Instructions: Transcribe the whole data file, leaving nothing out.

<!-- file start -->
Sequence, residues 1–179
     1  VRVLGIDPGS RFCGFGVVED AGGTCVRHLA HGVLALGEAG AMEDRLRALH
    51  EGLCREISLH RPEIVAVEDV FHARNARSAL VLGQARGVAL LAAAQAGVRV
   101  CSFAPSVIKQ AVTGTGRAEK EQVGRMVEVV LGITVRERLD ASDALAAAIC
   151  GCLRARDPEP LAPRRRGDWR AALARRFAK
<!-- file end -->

Sequence, residues 1–179
     1  VRVLGIDPGS RFCGFGVVED AGGTCVRHLA HGVLALGEAG AMEDRLRALH
    51  EGLCREISLH RPEIVAVEDV FHARNARSAL VLGQARGVAL LAAAQAGVRV
   101  CSFAPSVIKQ AVTGTGRAEK EQVGRMVEVV LGITVRERLD ASDALAAAIC
   151  GCLRARDPEP LAPRRRGDWR AALARRFAK